Graham Reid | | 1 min read
There's a fairly prevalent belief that if you look busy, people will think you are; that if the surface looks impressive there's probably real substance beneath it; and that if you write in the world of whatever passes for “indie rock” these days (the genre which appears when you drop this new Beirut album into a computer) that you don't need to bother about troublesome things like songs with verses and choruses.
None of these are true, but this album by multi-instrumentalist Zach Condon (aka Beirut) and many pals would have you belief them all.
He stacks up the diverse instrumentation (busy), delivers with plenty of (surface) sheen from horns and arrangements, and lets most of this get by on repeated phrases from trumpet and such.
It is a perfectly realised Teflon album where everything is clean and functional but nothing sticks.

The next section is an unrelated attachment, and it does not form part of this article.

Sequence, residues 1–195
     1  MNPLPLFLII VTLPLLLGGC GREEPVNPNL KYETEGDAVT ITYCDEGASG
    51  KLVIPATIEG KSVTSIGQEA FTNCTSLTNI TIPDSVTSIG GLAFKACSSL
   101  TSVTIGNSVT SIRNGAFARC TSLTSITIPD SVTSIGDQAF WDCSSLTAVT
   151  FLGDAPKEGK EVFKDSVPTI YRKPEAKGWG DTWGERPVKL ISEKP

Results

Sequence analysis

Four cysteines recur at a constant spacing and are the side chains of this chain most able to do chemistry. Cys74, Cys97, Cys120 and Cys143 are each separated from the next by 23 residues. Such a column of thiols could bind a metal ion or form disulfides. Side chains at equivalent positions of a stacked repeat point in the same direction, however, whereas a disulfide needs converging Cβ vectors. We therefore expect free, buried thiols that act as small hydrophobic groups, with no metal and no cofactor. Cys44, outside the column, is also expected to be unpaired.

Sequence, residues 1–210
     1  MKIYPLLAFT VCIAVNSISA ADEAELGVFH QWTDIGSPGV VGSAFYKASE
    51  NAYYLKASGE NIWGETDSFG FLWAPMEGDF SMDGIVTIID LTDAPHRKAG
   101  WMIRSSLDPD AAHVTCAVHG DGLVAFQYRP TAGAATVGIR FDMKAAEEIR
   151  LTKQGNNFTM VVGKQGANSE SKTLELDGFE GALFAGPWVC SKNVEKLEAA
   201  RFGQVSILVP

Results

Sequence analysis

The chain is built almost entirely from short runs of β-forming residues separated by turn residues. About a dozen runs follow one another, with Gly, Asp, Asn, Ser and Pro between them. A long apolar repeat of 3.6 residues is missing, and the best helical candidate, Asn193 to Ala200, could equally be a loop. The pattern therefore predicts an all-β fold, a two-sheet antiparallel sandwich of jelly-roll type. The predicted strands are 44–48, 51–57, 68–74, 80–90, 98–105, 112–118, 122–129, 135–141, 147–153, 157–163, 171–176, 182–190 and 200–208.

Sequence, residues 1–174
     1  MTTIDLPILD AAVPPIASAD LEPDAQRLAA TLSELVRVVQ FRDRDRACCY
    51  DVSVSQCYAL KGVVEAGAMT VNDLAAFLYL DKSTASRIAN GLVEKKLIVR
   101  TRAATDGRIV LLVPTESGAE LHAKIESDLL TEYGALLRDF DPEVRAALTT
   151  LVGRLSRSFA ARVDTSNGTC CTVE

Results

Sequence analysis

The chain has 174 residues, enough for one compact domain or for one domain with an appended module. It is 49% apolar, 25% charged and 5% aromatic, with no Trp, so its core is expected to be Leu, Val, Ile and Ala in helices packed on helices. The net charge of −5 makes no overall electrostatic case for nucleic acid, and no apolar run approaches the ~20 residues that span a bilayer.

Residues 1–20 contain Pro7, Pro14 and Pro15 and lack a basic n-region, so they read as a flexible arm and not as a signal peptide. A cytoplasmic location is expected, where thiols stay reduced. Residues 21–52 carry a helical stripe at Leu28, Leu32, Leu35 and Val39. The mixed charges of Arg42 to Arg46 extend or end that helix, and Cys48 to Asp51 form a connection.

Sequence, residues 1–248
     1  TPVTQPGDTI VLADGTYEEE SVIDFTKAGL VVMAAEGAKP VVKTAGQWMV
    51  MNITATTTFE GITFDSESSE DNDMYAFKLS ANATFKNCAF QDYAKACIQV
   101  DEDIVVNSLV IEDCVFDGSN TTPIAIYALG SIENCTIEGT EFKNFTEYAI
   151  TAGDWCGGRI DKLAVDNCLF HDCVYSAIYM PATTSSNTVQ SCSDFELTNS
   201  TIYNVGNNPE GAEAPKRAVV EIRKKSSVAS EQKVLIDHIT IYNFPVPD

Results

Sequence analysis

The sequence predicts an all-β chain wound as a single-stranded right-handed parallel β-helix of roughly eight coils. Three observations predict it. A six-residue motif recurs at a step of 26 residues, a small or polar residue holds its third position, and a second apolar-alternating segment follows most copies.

Songs meander from achingly delivered melodic lines which don't quite qualify as verses and just work as sung passages, the sense of sincere melancholy swamps the whole thing and even the details don't withstand much close analysis.
Try the dreary and seemingly endless moan of Varieties of Exile by way of personal torture. Never has a protracted “ahh ohhh” said so little and at such great length. He tries to salvage things in its final minute by bringing back a repeated trumpet line you'll swear you've heard a number of times before in these 12 tracks.
No, it is not all that bad – most of it is though – but the few pieces of interest, and sometimes they are just moments, can't redeem a collection which sounds earnestly self-indulgent, too pleased with its own sense of what passes for busy-work, attention to surfaces rather than substance and is far too slight at every “ahh ohhh” turn.
Beirut were once an Elsewhere favourite but after a fairly wayward and uneven career – and now the barely-baked Gallipoli – it is hard to take this project seriously.
Great show years ago at the over-crowded Kings Arms though, right?